““Now therefore the sword shall never depart from your house, because you have despised me and have taken the wife of Uriah the Hittite to be your wife.’ Thus says the LORD, ‘Behold, I will raise up evil against you out of your own house. And I will take your wives before your eyes and give them to your neighbor, and he shall lie with your wives in the sight of this sun. For you did it secretly, but I will do this thing before all Israel and before the sun.’”
And the LORD afflicted the child that Uriah’s wife bore to David, and he became sick. David therefore sought God on behalf of the child. And David fasted and went in and lay all night on the ground. And the elders of his house stood beside him, to raise him from the ground, but he would not, nor did he eat food with them. On the seventh day the child died. And the servants of David were afraid to tell him that the child was dead, for they said, “Behold, while the child was yet alive, we spoke to him, and he did not listen to us. How then can we say to him the child is dead? He may do himself some harm.” But when David saw that his servants were whispering together, David understood that the child was dead. And David said to his servants, “Is the child dead?” They said, “He is dead.” Then David arose from the earth and washed and anointed himself and changed his clothes. And he went into the house of the LORD and worshiped. He then went to his own house. And when he asked, they set food before him, and he ate. Then his servants said to him, “What is this thing that you have done? You fasted and wept for the child while he was alive; but when the child died, you arose and ate food.” He said, “While the child was still alive, I fasted and wept, for I said, ‘Who knows whether the LORD will be gracious to me, that the child may live?’ But now he is dead. Why should I fast? Can I bring him back again? I shall go to him, but he will not return to me.”” (2 Samuel 12:10–12, 14-23 ESV)
Despite the fact that David was eventually repentant, there were still very real consequences as a result of his sin. Confession and Repentance don’t negate the consequences for our sinful actions. David’s house would be wrought with internal struggles and destruction from then onward (Amnon, Absalom & Adonijah all die by the sword).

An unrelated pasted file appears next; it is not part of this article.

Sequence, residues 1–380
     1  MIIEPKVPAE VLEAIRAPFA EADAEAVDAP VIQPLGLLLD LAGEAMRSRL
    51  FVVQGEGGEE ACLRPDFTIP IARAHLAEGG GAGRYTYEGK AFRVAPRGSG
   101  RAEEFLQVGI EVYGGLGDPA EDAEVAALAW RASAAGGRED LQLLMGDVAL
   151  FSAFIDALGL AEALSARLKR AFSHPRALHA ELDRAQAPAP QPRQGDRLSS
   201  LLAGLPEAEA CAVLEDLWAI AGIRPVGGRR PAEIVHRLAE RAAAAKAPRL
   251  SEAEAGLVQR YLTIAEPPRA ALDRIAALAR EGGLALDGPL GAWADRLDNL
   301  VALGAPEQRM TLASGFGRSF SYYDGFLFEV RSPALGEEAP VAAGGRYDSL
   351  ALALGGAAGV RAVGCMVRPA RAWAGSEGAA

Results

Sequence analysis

We tend to believe that if we are repentant that we won’t have to deal with the consequences of our sinful behavior. Being repentant does not mean that we will be spared the consequences of our sinful behavior. Walking through the consequences while remaining contrite and even joyful is a sign that the heart is really repentant. Worldly sorrow just wants to be spared from the consequences, but true repentance is willing to accept the consequences for our sinfulness. The consequences for David were very real, his sin scorned the Lord and as a result the baby that he and Bathsheba conceived would die.
The sovereignty of God is so boldly on display here that it is striking. “Thus says the LORD, ‘Behold, I will raise up evil against you out of your own house. And I will take your wives before your eyes and give them to your neighbor, and he shall lie with your wives in the sight of this sun. For you did it secretly, but I will do this thing before all Israel and before the sun.’”” (2 Samuel 12:11–12 ESV). Absalom rebels against David and takes over his throne and has sex with his concubines on the rooftop. This is reminiscent of Job 42:1: “I know that you can do all things, and that no purpose of yours can be thwarted.” (Job 42:2 ESV)
The Lord afflicted the child and he became sick; God is in sovereign control. Innocent people suffer as a result of our sin – a sad, but true reality. David steadfastly petitioned the Lord to spare his child from death; He pressed into God and appealed to His mercy. But, ultimately, the child died. Only death could pay the price for adultery and murder and the death of this child is a picture of a truly innocent Son, who was not the result of a defiled union, that would die to bear the penalty of our sin.
David responds to the death of his son by worshipping (v20) – He was truly free. There were still painful consequences as a result of his sin, but he was free. It was a grace that he could go into the house of the Lord and worship because there was no acceptable sacrifice for adultery & murder, but the Lord had put away his sin (v13) and spared him from death. This is one of the most beautiful pictures of grace in the Old Testament and it doesn’t sit lightly on David. David realizes that he has been forgiven much so he definitely loves much. There is no hint of bitterness or anger at God for Him not healing his child. When we try to justify ourselves we become bitter and angry, not free. David accepts God’s decision and marvels at the grace that has been extended to him in the midst of his total depravity.
Lord, help us marvel at the undeserved amazing grace that has been extended to us.